• This process should be more visible. It’s visible in paper books when we crack the spine and dogear chapters and fray and tear the pages and scribble in the margin. This is real metadata, this is where our experience of the book lives.\n
  • Souvenirs. How do we create souvenirs of ebooks. This is actually a problem for all digital media, because I’m not sure there’s such a thing as a digital souvenir. By their very nature souvenirs are discrete, tangible. They don’t exist on screens. Books, as I’ve said, are souvenirs of themselves. What you’re seeing here are another project of mine - a rubbish but potentially interesting one.\n
  • Or - this is probably my favourite example. History. This is a book I bought recently, a present to myself. It’s one of my favourite novels by my favourite author. First edition, Bodley Head, 1955. Quite valuable, definitely the most valuable book I own - but not just because it’s a First, but...\n
  • It’s an inscribed First. Brooke signed it to his friend, the reviewer and critic Olivia Manning. Her library recently came up for sale and I got this one. This is a book with its history inscribed in it, a really wonderful thing. And we can’t really do this with ebooks, just as they can’t be souvenirs of themselves, as wonderful as that is too. So what can we do, to enable this temporal mode, to make the ebook as special as the physical book?\n
  • The way people bookmark is fascinating. Some people think it’s the worst thing you can do, second to actually burning the thing. Other people, like me, do it a lot, but rarely return to the page. I’m trying to break myself out of that by blogging all dog-eared pages. Some people have really advanced strategies, like using the top of the page as a pointer and the bottom corner for interesting things. Some people even tear the page. Those people are definitely evil.\n
  • Quick diversion on people’s behaviour: book guilt. This is fascinating. ... Anyway...\n
  • Like marginalia. I had to get this picture off Flickr because there’s absolutely no way I’d write in a book. can’t do it. It’s terrible. But it’s also wonderful. Bookmarking and annotating are the primary ways in which we assert our ownership, our appropriation of the book. I do this a lot though: \n
  • Which is to keep a commonplace book, copying out chunks of books I’m reading, either short quotes or quite long passages. Copying out brings a different understanding of the text. It’s good, but it’s also a form of editing, and curation.\n
  • And I’ve found myself doing this more and more and more as I read increasingly electronically, first on my old Nokia, and then the iPhone, and now on the iPad. The facility of electronic bookmarking that doesn’t deface the text. Here it is in iBooks. One swipe, bam. That bit’s from Walter Benjamin: “For centuries the situation in literature was such that a small number of writers faced many thousands of times that number of readers. Then, towards the end of the last century, there came a change.” He’s talking about the end of the eighteenth century of course; can you imagine what he would have send about the internet? I miss Benjamin.\n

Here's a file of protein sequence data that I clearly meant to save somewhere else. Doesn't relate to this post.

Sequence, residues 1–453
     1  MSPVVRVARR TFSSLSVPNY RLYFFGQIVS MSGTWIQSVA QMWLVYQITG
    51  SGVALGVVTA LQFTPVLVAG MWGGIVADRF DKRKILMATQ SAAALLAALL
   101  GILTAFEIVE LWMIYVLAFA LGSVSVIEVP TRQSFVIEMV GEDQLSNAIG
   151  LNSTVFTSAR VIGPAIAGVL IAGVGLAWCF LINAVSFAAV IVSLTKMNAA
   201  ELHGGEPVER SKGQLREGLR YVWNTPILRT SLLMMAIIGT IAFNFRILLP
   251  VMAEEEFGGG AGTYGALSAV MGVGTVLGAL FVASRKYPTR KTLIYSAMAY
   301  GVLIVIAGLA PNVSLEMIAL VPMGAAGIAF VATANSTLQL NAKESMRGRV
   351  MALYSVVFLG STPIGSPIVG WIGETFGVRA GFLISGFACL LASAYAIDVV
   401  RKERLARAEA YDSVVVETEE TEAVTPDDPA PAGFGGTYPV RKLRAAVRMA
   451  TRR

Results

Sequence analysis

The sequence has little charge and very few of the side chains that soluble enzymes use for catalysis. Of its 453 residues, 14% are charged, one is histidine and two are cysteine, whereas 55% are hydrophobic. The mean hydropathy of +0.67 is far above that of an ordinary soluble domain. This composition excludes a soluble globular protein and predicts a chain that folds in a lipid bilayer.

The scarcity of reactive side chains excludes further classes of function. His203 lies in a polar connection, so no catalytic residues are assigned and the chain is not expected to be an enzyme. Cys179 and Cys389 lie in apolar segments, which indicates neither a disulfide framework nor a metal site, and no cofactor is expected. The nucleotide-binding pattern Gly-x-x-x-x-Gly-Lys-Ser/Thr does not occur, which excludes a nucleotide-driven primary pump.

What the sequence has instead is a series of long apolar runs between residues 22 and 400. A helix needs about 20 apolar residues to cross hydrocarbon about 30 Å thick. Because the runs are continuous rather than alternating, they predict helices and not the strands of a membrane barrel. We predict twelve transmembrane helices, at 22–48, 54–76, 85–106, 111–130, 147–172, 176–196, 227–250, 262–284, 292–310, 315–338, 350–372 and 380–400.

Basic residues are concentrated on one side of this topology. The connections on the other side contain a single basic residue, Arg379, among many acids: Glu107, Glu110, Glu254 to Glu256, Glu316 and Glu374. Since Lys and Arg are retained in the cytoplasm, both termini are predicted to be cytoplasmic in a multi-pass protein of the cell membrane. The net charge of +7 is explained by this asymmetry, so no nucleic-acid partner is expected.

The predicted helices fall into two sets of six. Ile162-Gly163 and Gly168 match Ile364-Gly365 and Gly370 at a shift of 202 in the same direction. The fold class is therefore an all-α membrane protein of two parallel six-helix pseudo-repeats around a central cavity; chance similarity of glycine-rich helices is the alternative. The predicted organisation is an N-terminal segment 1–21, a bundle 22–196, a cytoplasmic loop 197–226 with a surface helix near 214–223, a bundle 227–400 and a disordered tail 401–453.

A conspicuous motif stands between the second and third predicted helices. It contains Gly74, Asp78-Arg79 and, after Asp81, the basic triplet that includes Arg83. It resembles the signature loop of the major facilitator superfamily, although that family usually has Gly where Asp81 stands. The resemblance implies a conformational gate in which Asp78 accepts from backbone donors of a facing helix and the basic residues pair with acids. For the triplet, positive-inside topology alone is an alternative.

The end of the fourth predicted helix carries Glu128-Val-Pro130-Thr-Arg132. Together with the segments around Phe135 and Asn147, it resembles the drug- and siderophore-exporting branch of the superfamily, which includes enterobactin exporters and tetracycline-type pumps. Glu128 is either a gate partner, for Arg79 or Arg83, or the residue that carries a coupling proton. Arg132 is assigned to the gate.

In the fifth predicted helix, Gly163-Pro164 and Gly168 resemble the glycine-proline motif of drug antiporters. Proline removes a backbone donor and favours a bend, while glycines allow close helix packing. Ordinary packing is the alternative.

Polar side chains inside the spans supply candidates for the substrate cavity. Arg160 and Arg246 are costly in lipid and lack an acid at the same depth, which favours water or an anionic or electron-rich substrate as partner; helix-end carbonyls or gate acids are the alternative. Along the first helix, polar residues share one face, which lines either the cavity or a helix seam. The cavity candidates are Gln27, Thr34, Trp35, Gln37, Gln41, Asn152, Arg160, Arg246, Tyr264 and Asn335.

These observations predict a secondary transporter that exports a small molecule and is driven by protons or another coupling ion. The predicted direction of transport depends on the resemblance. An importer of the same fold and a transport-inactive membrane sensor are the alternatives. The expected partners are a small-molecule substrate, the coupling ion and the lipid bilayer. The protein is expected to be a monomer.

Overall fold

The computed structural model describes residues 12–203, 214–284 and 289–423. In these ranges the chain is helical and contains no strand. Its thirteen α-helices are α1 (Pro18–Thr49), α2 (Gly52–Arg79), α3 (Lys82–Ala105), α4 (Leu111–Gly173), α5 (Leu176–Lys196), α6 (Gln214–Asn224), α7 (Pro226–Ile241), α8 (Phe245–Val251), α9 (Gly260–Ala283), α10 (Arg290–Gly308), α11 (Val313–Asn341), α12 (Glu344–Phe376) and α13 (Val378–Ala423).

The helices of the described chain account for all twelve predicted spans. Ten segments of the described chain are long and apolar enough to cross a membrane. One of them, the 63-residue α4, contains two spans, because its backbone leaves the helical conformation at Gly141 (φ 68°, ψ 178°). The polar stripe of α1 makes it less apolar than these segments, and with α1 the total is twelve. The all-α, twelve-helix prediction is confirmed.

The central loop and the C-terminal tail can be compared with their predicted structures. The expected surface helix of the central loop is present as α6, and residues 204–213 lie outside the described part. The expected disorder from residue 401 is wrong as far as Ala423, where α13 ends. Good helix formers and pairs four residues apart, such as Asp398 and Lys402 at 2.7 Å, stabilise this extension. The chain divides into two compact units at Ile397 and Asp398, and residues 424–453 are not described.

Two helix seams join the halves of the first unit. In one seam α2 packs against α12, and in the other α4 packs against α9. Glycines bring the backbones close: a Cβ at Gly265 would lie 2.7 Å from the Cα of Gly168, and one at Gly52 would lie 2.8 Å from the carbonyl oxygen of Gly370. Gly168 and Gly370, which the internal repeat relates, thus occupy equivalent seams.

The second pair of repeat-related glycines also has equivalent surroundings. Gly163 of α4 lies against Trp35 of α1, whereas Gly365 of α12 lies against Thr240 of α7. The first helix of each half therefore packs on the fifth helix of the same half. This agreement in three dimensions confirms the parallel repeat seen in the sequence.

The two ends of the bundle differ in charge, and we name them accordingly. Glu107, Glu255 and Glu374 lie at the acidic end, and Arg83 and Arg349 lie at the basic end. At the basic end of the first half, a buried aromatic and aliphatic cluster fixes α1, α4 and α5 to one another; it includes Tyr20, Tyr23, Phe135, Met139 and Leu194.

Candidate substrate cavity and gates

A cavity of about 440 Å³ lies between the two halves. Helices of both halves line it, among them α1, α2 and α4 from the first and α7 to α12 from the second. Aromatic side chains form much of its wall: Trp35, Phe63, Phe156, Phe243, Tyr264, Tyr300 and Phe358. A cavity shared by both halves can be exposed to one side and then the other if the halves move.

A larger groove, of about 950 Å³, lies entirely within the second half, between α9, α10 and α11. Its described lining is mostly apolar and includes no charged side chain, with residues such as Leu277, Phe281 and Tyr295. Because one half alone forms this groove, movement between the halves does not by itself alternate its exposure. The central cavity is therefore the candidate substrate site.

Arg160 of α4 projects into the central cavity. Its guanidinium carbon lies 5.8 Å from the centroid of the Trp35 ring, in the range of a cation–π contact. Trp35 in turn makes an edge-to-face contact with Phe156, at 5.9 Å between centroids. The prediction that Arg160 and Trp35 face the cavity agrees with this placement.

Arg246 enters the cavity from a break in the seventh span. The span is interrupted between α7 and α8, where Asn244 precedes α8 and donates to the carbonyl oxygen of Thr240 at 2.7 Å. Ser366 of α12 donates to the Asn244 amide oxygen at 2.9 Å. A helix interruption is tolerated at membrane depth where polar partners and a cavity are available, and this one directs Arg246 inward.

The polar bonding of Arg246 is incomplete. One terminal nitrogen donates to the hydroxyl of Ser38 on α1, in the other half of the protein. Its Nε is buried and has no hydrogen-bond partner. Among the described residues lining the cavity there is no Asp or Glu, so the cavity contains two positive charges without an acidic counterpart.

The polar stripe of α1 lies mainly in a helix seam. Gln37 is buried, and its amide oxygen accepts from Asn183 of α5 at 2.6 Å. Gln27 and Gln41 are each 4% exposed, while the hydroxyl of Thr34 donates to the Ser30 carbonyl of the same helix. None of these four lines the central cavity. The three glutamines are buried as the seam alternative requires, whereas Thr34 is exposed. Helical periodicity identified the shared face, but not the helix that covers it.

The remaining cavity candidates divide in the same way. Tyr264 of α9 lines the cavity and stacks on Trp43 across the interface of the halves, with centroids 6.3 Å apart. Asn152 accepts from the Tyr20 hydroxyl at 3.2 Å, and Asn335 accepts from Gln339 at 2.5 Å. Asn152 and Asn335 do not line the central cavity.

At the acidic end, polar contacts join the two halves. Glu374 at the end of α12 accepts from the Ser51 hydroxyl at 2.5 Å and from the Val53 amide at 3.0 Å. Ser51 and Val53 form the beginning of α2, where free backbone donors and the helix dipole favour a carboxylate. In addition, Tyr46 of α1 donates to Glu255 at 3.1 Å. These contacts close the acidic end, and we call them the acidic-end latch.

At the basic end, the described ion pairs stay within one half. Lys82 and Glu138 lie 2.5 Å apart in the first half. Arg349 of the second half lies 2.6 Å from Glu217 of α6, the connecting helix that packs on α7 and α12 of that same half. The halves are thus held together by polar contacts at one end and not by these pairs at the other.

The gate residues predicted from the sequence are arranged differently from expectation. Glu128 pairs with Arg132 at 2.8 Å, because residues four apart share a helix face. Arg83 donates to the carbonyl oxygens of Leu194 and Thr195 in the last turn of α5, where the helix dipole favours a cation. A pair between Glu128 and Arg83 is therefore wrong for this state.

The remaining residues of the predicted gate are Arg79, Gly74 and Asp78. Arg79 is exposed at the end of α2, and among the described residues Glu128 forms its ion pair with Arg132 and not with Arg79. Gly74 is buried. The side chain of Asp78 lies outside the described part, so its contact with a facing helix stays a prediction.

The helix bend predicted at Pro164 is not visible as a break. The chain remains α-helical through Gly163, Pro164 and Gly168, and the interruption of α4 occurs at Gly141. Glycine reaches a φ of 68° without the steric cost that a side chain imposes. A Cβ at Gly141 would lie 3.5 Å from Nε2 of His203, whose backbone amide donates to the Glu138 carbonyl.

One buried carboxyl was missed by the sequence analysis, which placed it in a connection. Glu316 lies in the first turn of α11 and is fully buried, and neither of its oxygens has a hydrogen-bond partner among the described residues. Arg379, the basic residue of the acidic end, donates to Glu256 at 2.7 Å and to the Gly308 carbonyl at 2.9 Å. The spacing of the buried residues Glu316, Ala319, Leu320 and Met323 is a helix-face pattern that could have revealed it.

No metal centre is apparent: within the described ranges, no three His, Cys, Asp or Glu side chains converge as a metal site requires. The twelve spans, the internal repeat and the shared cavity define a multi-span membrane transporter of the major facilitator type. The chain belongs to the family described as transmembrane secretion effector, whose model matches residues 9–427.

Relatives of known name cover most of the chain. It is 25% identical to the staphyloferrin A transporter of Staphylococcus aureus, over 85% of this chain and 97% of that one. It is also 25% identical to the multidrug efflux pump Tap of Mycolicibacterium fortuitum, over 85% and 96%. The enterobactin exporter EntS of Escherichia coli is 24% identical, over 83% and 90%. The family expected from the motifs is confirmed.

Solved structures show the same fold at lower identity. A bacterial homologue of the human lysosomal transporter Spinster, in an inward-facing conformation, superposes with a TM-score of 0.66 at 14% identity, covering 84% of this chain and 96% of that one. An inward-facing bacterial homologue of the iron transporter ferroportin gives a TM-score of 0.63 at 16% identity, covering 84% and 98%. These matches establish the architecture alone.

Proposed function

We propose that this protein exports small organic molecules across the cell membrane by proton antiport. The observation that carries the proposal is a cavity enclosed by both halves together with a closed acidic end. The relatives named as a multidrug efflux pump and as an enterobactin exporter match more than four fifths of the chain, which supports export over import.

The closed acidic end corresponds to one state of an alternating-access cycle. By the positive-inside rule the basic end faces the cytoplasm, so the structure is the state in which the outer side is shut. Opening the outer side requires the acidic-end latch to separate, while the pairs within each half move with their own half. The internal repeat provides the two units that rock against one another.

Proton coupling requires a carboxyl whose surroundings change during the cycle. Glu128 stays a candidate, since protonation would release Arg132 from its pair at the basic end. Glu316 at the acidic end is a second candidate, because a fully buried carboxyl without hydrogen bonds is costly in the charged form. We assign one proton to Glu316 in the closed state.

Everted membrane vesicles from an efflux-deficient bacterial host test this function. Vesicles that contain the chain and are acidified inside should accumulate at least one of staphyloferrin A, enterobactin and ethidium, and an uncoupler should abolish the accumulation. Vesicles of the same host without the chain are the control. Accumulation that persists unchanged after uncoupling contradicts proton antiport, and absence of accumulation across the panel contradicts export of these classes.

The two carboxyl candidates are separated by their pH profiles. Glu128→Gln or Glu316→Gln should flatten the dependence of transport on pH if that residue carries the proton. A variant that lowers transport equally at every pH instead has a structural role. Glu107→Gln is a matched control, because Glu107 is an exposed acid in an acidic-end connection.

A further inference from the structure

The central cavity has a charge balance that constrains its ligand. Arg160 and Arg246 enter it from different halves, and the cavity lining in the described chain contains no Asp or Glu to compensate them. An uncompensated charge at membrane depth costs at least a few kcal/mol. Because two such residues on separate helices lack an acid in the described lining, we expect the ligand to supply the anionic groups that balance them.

• iBooks also lets you take notes - marginalia. These are horrible, but it’s a start.\n
  • Here’s the Kindle. Not only can you highlight like you can on the iPad, but they’ve put in the the tiniest little nod to socialising the reading experience... \n
  • That. That’s it. I mean, it’s nice, but it’s useless. It tells you precisely nothing, because anyone can go through a book and pick out the 10 or 20 averagely most high-information-content sentences, and sure enough, these will be the ones everyone picks. The quotes everyone picks are not interesting. The quotes a few people - critics, teachers, friends, even the author themselves - pick out: those are interesting.\n
  • This is pretty amazing too. This is real future stuff, appropriate, as I’m reading William Gibson. I’ve been reading it on my phone, so when I next pick up my iPad, it asks if I want to skip to where I got to on my phone. Brilliant. Yes. Thank you.\n
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  • bkkeepr - here’s one I tried\n
  • possibilities. More of this.\n
  • other examples - everyread, bookglutton etc.\n
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  • This is the arena of selling books before: shops, covers, importance thereof.\n
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  • same in kindle store\n
  • even though, when you get moby dick on your kindle...\n
  • there’s no cover, and this is the first page\n
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  • two use cases for navigation: checking back somewhere else, and lending a book to a friend\n
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  • Transcript

    • 1. Photo by seq on Flickr | http://www.flickr.com/photos/92272728@N00/1535261777/ | Used under Creative Commons
    • 2. Photo by D-Koupf on Flickr | http://www.flickr.com/photos/28933686@N08/3344933003/ | Used under Creative Commons
    • 3. 2 Problems
    • 4. Problem 1
    • 5. Covers
    • 6. Texthttp://www.guardian.co.uk/news/datablog/2010/dec/16/wikileaks-iraq-visualisation
    • 7. “Literary Organism”Stefanie Posavecitsbeenreal.co.uk
    • 8. Exploring ways of visuallyrepresenting sentences by usingtheir punctuation to createcircular diagrams. Each word isrepresented by a line, and thethickness of the lines (and thespace between the lines)radiating outwards from thecenter point provides a recordof the pauses and empasiscreated by the punctuation.
    • 9. BRIEF 1 Cover Design Communicating content meaningfullyacross a range of formats and platforms
    • 10. Problem 2
    • 11. Navigation
    • 12. BRIEF 2 NavigationFinding your way across multiple locations in a book